A few weeks back, I had been upset. Well, maybe a little more than upset. I was frustrated. For at that point, I felt down, as I feel that my friends don’t really care. The feeling had perhaps been nagging at the back of my mind for a couple of days, and finally exploded, I guess.

Avoiding my fellow course mates, silent tears spilled down. Distraught and frustrated, I called my best friend, who somewhat manages to comfort me. I calmed down a bit afterwards, take wudhu, and pray. Pray for strength, to overcome the sudden feeling of loneliness. I placed another call, this time to my mother. She made me realize a major flaw in my imaan then.

What flaw? you may wonder. Ummi made me realize… that I’ve been fooled into relying to my friends, instead of Allah. I’ve been tricked by syaitan, to hope and expect more of my friends rather than my Creator. Sure, I did not do so intentionally. Yet unconsciously, I had been doing that. I had been relying more on my friends rather than my Creator.

According to Ustadh Khurram Murad in his book, In The Early Hours, reliance on Allah is knowing that at every step of your journey Allah is there assisting you. And hence, you are not counting on others to get you through your days, your years at university, or even your exams.

In a way, I had been hoping too much for friends who would help me out, yet failed to remember that I can count only on Allah to help me, in whatever I do. But Alhamdulillah, the frustrations and sadness made me realize what my mind had unconsciously relied on all this while.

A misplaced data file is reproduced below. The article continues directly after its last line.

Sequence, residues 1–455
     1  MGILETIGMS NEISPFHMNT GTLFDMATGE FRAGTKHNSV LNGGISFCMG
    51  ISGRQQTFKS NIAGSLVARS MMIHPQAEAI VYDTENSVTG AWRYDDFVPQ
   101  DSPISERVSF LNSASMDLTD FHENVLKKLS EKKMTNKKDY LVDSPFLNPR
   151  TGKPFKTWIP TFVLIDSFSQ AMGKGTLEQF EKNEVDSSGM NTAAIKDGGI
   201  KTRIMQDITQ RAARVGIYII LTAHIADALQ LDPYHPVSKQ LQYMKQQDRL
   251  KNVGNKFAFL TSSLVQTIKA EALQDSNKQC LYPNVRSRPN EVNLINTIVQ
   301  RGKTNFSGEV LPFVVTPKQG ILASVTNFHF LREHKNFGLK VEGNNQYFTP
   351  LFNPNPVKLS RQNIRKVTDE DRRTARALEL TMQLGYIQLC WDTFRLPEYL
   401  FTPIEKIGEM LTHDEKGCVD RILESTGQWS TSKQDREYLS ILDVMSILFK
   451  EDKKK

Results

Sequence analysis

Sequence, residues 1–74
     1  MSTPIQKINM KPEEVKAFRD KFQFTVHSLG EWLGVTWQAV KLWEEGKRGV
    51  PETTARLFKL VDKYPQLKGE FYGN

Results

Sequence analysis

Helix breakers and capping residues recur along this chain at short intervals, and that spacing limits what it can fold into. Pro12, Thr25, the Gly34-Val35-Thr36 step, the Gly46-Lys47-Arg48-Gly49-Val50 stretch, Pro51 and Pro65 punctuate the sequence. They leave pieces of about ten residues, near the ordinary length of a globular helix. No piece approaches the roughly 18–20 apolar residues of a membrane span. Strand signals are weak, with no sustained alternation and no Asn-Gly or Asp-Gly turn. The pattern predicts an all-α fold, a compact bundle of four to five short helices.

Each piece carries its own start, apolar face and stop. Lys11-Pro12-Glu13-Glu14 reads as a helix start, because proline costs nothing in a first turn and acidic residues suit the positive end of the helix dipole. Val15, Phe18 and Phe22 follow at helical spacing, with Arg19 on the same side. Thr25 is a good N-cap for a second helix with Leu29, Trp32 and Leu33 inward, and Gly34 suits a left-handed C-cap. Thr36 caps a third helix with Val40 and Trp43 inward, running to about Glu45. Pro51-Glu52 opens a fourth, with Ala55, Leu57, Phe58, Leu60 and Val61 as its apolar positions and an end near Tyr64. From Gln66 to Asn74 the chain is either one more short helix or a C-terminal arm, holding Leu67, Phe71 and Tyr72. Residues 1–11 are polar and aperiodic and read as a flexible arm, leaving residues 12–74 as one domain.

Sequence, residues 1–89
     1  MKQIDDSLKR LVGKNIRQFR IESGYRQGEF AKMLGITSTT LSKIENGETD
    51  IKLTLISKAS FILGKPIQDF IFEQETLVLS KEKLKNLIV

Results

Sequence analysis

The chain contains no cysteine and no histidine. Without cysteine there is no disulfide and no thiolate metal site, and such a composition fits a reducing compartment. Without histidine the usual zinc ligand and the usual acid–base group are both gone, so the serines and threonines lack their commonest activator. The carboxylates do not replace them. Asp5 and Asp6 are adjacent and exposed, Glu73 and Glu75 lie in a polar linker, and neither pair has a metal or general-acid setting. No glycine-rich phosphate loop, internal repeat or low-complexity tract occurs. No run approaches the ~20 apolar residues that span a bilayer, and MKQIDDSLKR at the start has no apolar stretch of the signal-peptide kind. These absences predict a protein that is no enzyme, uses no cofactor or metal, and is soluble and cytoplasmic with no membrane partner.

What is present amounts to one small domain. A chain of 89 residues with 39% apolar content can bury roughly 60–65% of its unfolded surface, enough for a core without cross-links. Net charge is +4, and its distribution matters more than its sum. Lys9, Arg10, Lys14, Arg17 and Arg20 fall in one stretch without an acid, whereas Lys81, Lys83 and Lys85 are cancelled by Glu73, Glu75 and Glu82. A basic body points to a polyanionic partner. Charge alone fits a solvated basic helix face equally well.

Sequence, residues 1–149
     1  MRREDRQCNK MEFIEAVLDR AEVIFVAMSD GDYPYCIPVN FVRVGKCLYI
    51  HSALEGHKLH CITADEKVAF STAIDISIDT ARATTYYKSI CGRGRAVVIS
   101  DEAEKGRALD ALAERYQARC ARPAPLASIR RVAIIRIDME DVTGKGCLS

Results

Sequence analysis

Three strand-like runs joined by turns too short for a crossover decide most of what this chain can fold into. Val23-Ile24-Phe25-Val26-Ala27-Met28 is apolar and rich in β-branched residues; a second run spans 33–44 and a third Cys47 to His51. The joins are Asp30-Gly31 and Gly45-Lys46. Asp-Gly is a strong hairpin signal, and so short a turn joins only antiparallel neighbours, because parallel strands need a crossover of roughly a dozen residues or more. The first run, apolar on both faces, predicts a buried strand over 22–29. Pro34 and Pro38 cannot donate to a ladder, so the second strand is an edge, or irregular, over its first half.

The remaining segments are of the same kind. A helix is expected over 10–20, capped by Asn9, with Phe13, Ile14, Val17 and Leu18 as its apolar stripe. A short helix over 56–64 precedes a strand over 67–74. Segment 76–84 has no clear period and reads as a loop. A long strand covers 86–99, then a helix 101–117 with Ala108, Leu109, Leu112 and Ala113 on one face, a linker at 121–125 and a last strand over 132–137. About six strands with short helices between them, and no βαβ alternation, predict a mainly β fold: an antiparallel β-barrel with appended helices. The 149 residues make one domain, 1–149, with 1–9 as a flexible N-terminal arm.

Well…. Let us think back and ponder, who did we rely on throughout our life? Is it really on Allah? Or… do we rely on our parents to give us happiness, comfort and money? Do we rely on our best friend to make us laugh? Do we rely on JPA or PTPTN to get us through university?

Parents and friends are not going to be around us forever. They can be taken away from us at any moment. JPA and PTPTN… well, they are there, as long as the economy is stable, and as long as our bank account is okey. Even that is not guaranteed. At the end of the day, the only true reliance which brings us happiness here, and even in the next life… is always Allah.

Saturday, September 20, 2008

After a Long MIA in Blogging...

well... i'm back to writing.

so sorry for neglecting this blog in a while. I had been busy. yes, again, the ever famous excuse. But in a way... busy-ness is a part and parcel of a student's life. Assignments+quizzes+study=busy
oh yes.. and also other responsibilities.. towards Islam, family and friends...
Then there's Ramadhan... so in trying to juggle ibadah in Ramadhan and all the other activities, i decide that i had to compromise blogging for a while.

But alhamdulillah... i'm back to writing now. thanks to the early holidays we get. and just in time for the final 10days of Ramadhan too.

To all my friends... let us increase our ibadah and triple up our efforts. the Ramadhan offer of reward is coming to an end. And may we find the night which is better than 1000months, Lailatul Qadr.

>> till next post, salam ramadhan to all!